If you’re lost trying to find Gateway Green, the new mountain bike park next to the I-205 Freeway, or the I-205 Multi-Use Path, you’ve just received a little help from Friends of Gateway Green.
Last month, the Memo reported (“Gateway District delays rebranding in favor of wayfinding, receives four new city grants,” MCM December 2017) that Friends of Gateway Green and Propel Studio were about ready to distribute some wayfinding signage to aid clueless vehicles and pedestrians. On Monday, Dec. 18, wayfinding signs were unleashed along Northeast 102nd and Northeast 99th avenues and Northeast Pacific Avenue.
Linda Robinson, co-chair of Gateway Green, shared her experience of disseminating the signs around Gateway in an e-mail. “We had a total of eight volunteers putting up signs on Monday afternoon. The signs are pointing toward the Multi-Use Path and the Transit Center––but they have the GG logo and the words “Gateway Green” on them. We put up about half of the signs and we hope to put up the rest of the signs along the I-205 MUP, but we haven’t secured official permission yet.”
In other Gateway news, there will be several concept designs for altering the façade of the jug handle, or roundabout, at Northeast Weidler Street and 102nd Avenue formerly known as Windscape. Before Windscape, the space was flat and grassy with a couple of fruit trees. The north side has a swale funded by the Bureau of Environmental Services along with some landscaping.
The Northeast Halsey Street between 102nd Avenue and Weidler Street intersection are already set for a three-inch grind and overlaying paving, as well as Americans with Disabilities Act-compliant ramps, as part of a Fixing Our Streets paving project in 2018 (see related story here). That project is currently in the design phase and is expected to be completed in the second half of 2018.
Several concept designs for “remodeling” the roundabout will be on display Thursday, Jan. 4, at the Kaiser Gateway Clinic located at 1700 N.E. 102nd Ave., from 3 to 7 p.m. “After the open house, we will review community feedback and modify the design to reflect what you have shared with us,” said Tom Badrick, longtime chair of the Parkrose Heights Association of Neighbors. Representatives from Nevue Ngan Associates—the landscape designer—and community leaders will be on hand to listen to and collect feedback. “The goal is to engage the community [and] redesign, or not, if everyone likes it. Options so far from the public include installing an arch, taking it back down to flat, adding an international herb garden or [adding] a sculpture garden,” said Badrick.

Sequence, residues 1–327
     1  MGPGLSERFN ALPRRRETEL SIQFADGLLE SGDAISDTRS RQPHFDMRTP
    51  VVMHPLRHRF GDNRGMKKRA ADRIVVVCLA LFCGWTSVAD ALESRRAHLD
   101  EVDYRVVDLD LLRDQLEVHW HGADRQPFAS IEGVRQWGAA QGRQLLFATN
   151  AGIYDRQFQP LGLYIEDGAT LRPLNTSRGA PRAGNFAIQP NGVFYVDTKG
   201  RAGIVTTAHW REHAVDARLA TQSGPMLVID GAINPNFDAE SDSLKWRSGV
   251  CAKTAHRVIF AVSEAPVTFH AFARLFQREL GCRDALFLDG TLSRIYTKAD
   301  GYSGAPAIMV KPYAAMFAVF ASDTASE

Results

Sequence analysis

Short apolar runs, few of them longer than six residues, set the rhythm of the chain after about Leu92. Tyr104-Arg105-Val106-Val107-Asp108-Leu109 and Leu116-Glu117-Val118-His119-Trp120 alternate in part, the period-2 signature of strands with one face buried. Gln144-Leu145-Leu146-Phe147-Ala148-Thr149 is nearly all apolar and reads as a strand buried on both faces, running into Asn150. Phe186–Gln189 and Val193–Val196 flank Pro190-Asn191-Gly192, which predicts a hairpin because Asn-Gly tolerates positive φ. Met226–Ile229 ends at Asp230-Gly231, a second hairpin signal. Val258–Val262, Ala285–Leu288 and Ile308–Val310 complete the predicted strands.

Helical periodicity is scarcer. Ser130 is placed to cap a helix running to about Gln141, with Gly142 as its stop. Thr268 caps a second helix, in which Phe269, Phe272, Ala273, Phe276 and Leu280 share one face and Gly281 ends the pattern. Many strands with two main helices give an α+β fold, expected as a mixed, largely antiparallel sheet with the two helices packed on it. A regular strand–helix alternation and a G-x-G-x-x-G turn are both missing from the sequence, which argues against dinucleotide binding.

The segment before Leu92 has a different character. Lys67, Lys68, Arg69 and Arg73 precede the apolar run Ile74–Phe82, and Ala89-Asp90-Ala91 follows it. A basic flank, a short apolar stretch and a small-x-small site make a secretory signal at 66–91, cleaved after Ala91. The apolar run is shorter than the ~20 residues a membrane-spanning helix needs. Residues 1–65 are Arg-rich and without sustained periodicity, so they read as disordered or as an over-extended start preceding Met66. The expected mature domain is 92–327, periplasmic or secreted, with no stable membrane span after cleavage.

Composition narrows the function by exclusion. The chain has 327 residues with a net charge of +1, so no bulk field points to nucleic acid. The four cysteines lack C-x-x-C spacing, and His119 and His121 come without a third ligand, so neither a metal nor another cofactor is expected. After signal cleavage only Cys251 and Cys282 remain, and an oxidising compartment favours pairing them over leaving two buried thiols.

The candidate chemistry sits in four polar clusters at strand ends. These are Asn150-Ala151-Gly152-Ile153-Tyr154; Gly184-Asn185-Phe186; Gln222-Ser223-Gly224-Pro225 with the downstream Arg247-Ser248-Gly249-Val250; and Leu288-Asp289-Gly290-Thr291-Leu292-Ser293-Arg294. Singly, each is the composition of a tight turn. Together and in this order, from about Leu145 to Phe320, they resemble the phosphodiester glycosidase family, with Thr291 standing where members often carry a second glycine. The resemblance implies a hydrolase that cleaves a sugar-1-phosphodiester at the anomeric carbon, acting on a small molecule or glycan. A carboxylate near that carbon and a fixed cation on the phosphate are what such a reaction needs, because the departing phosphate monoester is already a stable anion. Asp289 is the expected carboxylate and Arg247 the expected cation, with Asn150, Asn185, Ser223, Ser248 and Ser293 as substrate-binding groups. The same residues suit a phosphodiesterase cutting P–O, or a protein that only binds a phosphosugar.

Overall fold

Badrick also notes that there will be a renaming contest for the roundabout owned by the Portland Bureau of Transportation (PBOT).
If you are interested in tossing your suggestion into the ring, Badrick suggests making an appearance at the meeting and keeping up with future notices (which you will likely receive from the Mid-county Memo).
Nevue Ngan, for what it’s worth, was hired by PBOT to lead the design team developing the Southeast Division streetscape master plan in 2014. That project led to a redesign of Southeast Division’s street based on community-identified goals. A lot of decorative rocks armed with miniature people, as well as colorful islands of assorted trees and plantings ensued, among other additions meant to boost the street’s identity with pedestrian, car, transit and biker safety—as well as stormwater runoff—in mind.
Read more about Friends of Gateway Green at gatewaygreenpdx.org.
A short history of Windscape, the roundabout at 102nd Avenue and Weidler Street:
Windscape was built in 2008 with federal matching funds (“Living sculpture adorns improvement project” MCM November 2008), and designed by Portland Parks & Recreation Director Mike Abbate—who was, in 2008, a landscape architect working at a private firm—Prosper Portland (then PDC) paid about $100,000 for the landscape sculpture of custom masonry and red, wind-vibrating poles, which were removed in 2014 due to vandals (“Vandalism blows Windscape away” MCM November 2014).